A simple definition of ‘organization’ is a group of individuals acting on a shared purpose or set of purposes. This notion of collectively “acting” toward a common goal requires that the individuals involved both understand and accept their respective roles as well as the roles of their associates.  Without this understanding and acceptance, each individual would be left to figure out and act on whatever tasks and behaviors they individually identify; thus, creating chaos, duplication of effort, conflict, and a very ineffective organization. We can look to the science of Biology for an excellent example. Just imagine an ant colony without a common set of signals and directions, and the ants headed off in every direction trying to accomplish some task…obviously not very effective!

Conversely, team players exhibit a common set of behaviors that promotes team effectiveness, and thus organizational effectiveness. Team players make sure they understand what is expected of them and they ask questions if they don’t know. They take time to understand the larger role of their group and when they are able, offer support and assistance to their colleagues where appropriate. In addition to offering support to colleagues, team players acknowledge and celebrate their associates’ successes. Everyone appreciates a pat on the back, and it usually adds something special when it comes from one’s peer group. Furthermore, this kind of recognition promotes a feeling of belonging and cohesiveness among the team members.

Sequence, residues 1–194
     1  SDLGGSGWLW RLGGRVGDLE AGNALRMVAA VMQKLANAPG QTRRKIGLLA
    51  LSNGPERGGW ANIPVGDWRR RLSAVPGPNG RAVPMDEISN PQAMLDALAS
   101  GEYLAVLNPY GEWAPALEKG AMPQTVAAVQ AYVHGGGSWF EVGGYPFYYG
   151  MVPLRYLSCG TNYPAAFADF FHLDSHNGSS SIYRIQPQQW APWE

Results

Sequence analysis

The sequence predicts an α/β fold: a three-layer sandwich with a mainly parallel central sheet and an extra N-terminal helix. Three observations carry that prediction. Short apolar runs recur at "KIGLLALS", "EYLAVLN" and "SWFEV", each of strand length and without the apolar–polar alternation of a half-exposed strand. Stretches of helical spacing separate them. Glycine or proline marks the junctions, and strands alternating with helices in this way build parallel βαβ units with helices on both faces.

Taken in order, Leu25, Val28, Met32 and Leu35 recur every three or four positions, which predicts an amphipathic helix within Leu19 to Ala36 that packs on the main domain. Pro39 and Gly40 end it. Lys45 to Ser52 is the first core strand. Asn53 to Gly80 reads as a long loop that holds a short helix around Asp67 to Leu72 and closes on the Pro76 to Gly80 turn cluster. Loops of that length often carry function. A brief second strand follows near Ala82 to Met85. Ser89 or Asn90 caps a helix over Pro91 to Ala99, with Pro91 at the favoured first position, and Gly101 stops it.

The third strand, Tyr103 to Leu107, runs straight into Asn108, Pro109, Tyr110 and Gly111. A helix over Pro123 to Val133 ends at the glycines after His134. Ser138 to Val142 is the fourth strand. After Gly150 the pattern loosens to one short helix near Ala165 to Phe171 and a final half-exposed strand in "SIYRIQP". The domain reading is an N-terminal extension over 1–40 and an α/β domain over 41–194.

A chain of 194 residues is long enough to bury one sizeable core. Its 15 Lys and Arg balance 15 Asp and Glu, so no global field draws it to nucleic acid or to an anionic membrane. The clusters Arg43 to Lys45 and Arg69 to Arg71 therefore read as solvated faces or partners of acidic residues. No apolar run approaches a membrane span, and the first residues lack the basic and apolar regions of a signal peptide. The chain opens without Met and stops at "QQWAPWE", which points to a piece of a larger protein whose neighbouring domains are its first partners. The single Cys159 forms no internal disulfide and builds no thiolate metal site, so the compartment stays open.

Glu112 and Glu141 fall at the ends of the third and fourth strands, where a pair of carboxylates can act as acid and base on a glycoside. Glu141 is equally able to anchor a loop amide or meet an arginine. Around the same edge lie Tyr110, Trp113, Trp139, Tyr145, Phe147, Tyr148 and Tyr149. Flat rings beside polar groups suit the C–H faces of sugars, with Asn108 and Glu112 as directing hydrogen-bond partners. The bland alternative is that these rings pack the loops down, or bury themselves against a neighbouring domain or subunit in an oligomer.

In summary, the very definition of “organization” assumes that the group members consciously cooperate and support each other toward the accomplishment of the group and organization goals. Are you a team player? If not, you may want to look at a career in which you can succeed based solely upon your own efforts and accomplishments. Good Luck!

Al Sniadecki

Alan F. Sniadecki is principal and owner of Organizational Effectiveness Services, LLC in Carrollton, Texas. Al is veteran of the Financial Services industry having served over twenty years as the senior executive Human Resources Officer for several Texas based financial institutions prior to establishing his consulting firm. His practice focuses on improving organizational effectiveness in the areas of vision and mission development, strategy development and implementation, human capital management, ethics counsel and leadership coaching.

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Are You A ‘Clone-able’ Employee? – Part 1